The Place: Citrus Cafe,1481 Edinger Avenue, Tustin, CA 92780-6249, (714) 258-2404; www.citruscafe.com.
The Hours: Tuesday to Saturday, 3 p.m. to close, at the lounge only.
The Deal: Soju-based cocktails (Apple Martini, Bloody Mary, Margarita, Cape Cod, or Screwdriver) $4. House wines (White Zin, Chardonnay, Merlot, Carbenet Sauvignon), $4. Draft beers (Lost Coast Great White, Green Flush IPA, Pyramid Hefeweizen, Anderson Valley Boont Amber), $4. Bottled beers, $3-$5. Select lounge menu appetizers and flat breads, $5 with an alcoholic drink purchase.
The Scene: This, above all else, is a neighborhood diner cut from the same cloth as Carrows and Cocos. The booths are plushy, the customers are largely white-haired and bespectacled. Happy Hour, it seems, is the new Early Bird Special here. The vibe is decidedly low-key, since the restaurant does most of their business during breakfast and lunch hours, filling bellies with egg dishes and sandwiches. In the early evening, there's a family-oriented feel to it, which is all but confirmed by actual families eating with kids in tow.
The Sauce: Their draft Hef is crisp and lemony, even without the lemon. Most customers choose wine over anything else. But the cocktails are the most interesting drinks of all. They're made from Ku Soju, which can be technically called vodka since it is fermented from potatoes. But its slightly lower alcohol content (24%) and its origins (Korea) allow it to be served by restaurants like this who only hold a beer and wine license. The loophole is, by the way, highlighted on the Ku Soju website Q&A. It reads:.
What makes this legal to be sold by Beer and Wine Licensees?
Ku Soju, a distilled Hard Liquor classified by the ATF, can legally be sold by on-premise licensees (California ABC Act 23398.5 and article 6 Special Provisions # S-81-3 New York ABC) The law requires that soju (which is made from grain, sweet potato or potato) must be no more than 24% of alcohol by volume, made in Korea, and made from agricultural product. Soju .is a distilled spirit and the only "hard" liquor that can be sold to "on-premise" beer and wine licensees in California and New York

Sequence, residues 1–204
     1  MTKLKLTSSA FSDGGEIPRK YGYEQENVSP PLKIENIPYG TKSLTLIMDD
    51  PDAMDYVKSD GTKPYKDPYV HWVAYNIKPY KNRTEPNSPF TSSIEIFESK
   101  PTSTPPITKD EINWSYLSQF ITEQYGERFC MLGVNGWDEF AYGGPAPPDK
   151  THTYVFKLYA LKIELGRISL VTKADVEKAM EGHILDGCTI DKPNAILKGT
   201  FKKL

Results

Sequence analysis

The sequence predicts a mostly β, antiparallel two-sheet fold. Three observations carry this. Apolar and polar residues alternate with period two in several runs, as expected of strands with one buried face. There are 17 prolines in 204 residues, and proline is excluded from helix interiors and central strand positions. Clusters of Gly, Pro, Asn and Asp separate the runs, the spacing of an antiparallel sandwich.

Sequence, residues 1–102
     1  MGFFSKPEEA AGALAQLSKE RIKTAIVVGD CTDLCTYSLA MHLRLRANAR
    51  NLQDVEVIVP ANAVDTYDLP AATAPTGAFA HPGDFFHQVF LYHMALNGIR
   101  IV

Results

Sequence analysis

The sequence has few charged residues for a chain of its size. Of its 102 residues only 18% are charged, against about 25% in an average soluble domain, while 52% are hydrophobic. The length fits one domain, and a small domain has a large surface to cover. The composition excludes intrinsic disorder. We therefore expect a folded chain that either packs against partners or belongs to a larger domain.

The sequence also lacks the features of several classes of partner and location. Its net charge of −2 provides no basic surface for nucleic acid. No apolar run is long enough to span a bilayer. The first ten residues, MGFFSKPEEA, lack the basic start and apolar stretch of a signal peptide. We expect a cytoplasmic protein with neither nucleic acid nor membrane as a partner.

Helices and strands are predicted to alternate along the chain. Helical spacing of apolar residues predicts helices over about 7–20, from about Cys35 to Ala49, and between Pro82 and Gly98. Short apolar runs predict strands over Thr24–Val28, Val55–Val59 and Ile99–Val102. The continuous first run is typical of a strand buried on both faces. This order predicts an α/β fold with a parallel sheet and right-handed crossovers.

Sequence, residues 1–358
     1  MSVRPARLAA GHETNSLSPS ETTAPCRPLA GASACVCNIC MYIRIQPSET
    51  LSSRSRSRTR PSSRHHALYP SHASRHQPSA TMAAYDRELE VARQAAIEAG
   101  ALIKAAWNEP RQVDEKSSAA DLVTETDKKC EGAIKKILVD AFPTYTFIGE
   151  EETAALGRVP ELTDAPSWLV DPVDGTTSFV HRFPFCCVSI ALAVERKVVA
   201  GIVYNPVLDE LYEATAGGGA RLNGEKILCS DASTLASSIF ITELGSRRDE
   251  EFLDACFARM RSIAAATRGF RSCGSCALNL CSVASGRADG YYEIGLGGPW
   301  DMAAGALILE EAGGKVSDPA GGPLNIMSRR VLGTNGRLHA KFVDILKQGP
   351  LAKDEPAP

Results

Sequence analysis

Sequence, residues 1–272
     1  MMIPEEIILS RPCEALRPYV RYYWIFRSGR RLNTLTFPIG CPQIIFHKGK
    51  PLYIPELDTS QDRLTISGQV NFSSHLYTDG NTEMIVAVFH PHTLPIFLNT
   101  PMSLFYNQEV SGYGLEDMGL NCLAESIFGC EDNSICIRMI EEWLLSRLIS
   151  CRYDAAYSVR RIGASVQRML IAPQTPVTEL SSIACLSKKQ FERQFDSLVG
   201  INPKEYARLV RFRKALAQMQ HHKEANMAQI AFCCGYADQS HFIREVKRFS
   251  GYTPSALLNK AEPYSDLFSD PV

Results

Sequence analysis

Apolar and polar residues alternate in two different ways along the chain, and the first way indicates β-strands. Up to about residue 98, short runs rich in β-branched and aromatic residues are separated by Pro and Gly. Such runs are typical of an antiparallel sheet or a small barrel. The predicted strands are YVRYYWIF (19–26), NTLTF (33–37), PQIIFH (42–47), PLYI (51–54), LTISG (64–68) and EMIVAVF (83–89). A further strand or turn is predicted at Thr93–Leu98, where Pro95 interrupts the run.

But oh what a sweet loophole it is! The Margarita is easily drunk, not as biting or bold as those that are tequila-based, but still refreshing. The screwdriver, however, tastes and hits you like a screwdriver. Too many and you're screwed if you drive...
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The Food: Your waitress, who most likely be a lovely lass named Corinne, will tell you that the cheeseburger sliders are better than the pulled pork ones. She's right even though they seemed to have changed the formulation of the patty recently. Last time, it was hand-formed; this time, they used standard pre-formed and pre-measured ground beef discs. Either way, an order comes with four under nicely toasted glossy buns. The square-shaped flatbreads, especially the steak with blue cheese crumbles, are trusty gut-fillers; and the Buffalo wings aren't as crispy as I prefer it. But the thing to order is the fried calamari, which was downright orgamic with a light, lemon-butter-cream sauce that drapes the crispy curls. And if you expected the ahi poke to suck, you'd be wrong. Served with crunchy-fried wonton triangles, the raw, marinated fish cubes turned out to be extraordinarily fresh, bright and tasting as if it came from Hawaii itself.
The Verdict: Citrus Cafe is the underdog for a town that has no shortage of Happy Hours (thanks to The District's many eateries). Go to have a quiet drink, a nice un-frou-frou meal, then go home with your eardrums and wallet in tact.
The Grade: B+.